John 12:1-8 - Mary Anoints Jesus
Six days before the Passover Jesus came to Bethany, the home of Lazarus, whom he had raised from the dead. There they gave a dinner for him. Martha served, and Lazarus was one of those at the table with him. Mary took a pound of costly perfume made of pure nard, anointed Jesus’ feet, and wiped them with her hair. The house was filled with the fragrance of the perfume. But Judas Iscariot, one of his disciples (the one who was about to betray him), said, ‘Why was this perfume not sold for three hundred denarii and the money given to the poor?’ (He said this not because he cared about the poor, but because he was a thief; he kept the common purse and used to steal what was put into it.) Jesus said, ‘Leave her alone. She bought it so that she might keep it for the day of my burial. You always have the poor with you, but you do not always have me.’
Introduction: Since the earliest days of Temple worship in Jerusalem and within church worship olive oil has been used for anointing. It is an outward and visible sign of God’s actual anointing of a person, setting them apart (consecration) for ministry or Christian service. Furthermore, within the Church’s ministry it is used in Baptism, Confirmation, for healing and in preparation for death and burial. In short, it is an outward act signifying an intervention by God at significant moments in the spiritual journey of God’s people.
Gospel: Today’s Gospel extract marks the beginning of the last phase of Jesus’ life and ministry, just 6 days before the Feast of Passover at which Jesus was crucified. Passover, of course, was the annual reminder of the liberation of the Hebrew people from slavery in Egypt around 1200BC, under the leadership of Moses. In particular, it focussed on the passing over of the Hebrew dwellings by an angel of death so that they were spared the death of their first-born son. This was to be the last of the 10 plagues of Egypt and became the means by which the Hebrew slaves escaped. Poignantly, in order that the inhabitants of these dwellings were unharmed the blood of an unblemished lamb was to be daubed on the door lintels. Thus began the notion that the blood of an innocent lamb would save people from death. And hence, the words of our liturgy, ‘Lamb of God, who takes away the sin of the world, have mercy on us.’
Also, poignantly, today’s Gospel account occurs at the home of Martha, Mary and their brother Lazarus, whom Jesus had recently raised from the dead after 4 days in a cave tomb. It’s the context in which Jesus had said to Martha, “I am the Resurrection and the Life. Whoever believes in me, though they die, will live.”
You can imagine how grateful they were to Jesus for having restored Lazarus back to them from the grave. And Jesus loved this particular family, which is probably why he chose to stay with them for what he knew would be the last days of his life. Mary’s anointing of Jesus’ feet was likely to have been a sign of their own love for Jesus as well as their deep gratitude.
Mary used nard for this foot anointing, which was extremely expensive. It’s the sort of thing a family would have to save for some 30 years to buy, perhaps for an extravagant funeral. So, this was an act of extraordinary devotion and gratitude.
But Judas Iscariot objects as he held the funds for the disciples. “Couldn’t this perfume have been soled and the money given to the poor?” No doubt once he had taken his share.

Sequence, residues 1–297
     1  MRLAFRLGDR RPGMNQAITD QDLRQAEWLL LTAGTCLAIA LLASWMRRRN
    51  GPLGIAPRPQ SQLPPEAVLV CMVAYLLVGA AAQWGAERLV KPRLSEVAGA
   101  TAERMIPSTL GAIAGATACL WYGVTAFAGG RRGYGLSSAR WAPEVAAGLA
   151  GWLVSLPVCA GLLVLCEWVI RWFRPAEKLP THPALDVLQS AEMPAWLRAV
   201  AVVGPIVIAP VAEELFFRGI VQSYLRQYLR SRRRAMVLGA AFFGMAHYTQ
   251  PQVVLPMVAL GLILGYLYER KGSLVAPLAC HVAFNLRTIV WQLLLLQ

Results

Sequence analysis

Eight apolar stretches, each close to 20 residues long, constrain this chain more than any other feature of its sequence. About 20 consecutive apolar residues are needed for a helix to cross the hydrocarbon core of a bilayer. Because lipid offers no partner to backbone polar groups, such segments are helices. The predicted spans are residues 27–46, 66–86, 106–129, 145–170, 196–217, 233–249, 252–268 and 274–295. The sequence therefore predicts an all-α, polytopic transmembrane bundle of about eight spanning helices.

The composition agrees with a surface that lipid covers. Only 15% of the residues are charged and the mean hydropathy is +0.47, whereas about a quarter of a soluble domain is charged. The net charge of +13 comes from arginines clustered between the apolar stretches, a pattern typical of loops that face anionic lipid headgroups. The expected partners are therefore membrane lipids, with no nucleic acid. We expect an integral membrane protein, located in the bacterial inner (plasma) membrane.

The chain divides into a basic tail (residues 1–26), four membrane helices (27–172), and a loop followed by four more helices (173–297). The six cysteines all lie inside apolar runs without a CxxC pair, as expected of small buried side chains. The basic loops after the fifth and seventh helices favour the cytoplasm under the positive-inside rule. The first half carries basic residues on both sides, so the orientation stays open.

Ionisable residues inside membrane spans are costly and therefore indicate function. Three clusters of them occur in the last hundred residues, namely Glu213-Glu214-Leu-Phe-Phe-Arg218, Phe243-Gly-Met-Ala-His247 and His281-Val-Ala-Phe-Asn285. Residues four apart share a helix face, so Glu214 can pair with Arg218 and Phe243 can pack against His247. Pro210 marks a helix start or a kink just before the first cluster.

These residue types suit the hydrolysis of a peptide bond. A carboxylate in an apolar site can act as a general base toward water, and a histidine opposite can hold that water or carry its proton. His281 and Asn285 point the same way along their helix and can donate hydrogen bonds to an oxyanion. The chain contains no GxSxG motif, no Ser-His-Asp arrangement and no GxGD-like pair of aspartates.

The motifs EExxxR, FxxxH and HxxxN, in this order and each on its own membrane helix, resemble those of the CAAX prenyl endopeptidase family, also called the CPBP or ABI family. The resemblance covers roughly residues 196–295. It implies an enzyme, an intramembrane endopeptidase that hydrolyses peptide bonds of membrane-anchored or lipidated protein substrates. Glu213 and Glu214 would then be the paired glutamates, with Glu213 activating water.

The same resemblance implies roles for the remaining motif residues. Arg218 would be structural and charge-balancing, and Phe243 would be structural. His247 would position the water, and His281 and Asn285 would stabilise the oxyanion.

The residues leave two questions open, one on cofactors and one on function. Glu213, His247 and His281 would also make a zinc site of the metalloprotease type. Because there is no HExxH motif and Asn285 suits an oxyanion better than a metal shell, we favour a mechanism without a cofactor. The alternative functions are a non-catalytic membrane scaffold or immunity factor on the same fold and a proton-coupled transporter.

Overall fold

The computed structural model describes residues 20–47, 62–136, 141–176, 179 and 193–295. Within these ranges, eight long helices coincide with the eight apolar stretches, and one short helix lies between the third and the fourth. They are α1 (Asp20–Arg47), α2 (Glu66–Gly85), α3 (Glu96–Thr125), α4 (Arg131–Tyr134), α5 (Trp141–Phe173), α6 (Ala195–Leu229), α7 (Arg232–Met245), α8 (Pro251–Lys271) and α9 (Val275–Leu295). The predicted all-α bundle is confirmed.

But Jesus tells Judas to leave her alone as she was, in fact, doing something far more significant than Judas realised. Through his hardness of heart, Judas had become blind to the deeper things of God, and was, therefore, unmoved by Mary’s act of devotion. She was, in fact, anointing Jesus for his death and burial. For this purpose she had bought it. She had been responsive to the promptings of the Holy Spirit, even if she had not grasped the gravity of what she was doing. She was following the divine movement within her, which Jesus immediately recognised.
Attentiveness to God’s activity: One aspect of our Christian calling is to be attentive to God’s activity in our midst. For this, our hearts need to be open to God with a spirit of humility. It is a spiritual act made possible by the divine activity of God’s Holy Spirit within us. It’s a good discipline, having repented of any sin of which we are aware, to ask to be filled with God’s Holy Spirit afresh. In so doing we become equipped to recognise God’s activity amongst us. As we learn the practice of being attentive, so we begin to notice what’s happening in the spirit – the deeper and hidden, though no less real, things.
The Ministry of Anointing with oil: Today, during the administration of Holy Communion, I will, with support of two others be available for anointing with oil; that is, oil which was consecrated by Bishop Steven last Maundy Thursday for the purpose of facilitating God’s healing. During this brief act of anointing, we will be attentive to the moving of God’s Spirit, who may direct our prayers and thoughts. In short it is an opportunity for you to come to God for healing or other spiritual work, the oil being the outward and visible sign of the inward and spiritual activity of God through this act.
Please, do come and allow God to meet you at your point of need. This ancient ministry, instituted by God, is there for your blessing.
Conclusion: On this Passion Sunday, as we journey with Christ through the last two weeks of his life, through the valley of the shadow of awful suffering and death, we can be assured that his act of sacrificial love, as the Lamb of God, saves us from the bitter pains of eternal death and leads us into the new resurrection life in all its glory and fulness. May God lead you on this journey and bring you to a joyful and renewed Easter morning.
The Revd Hugh Ellis, Vicar & Team Rector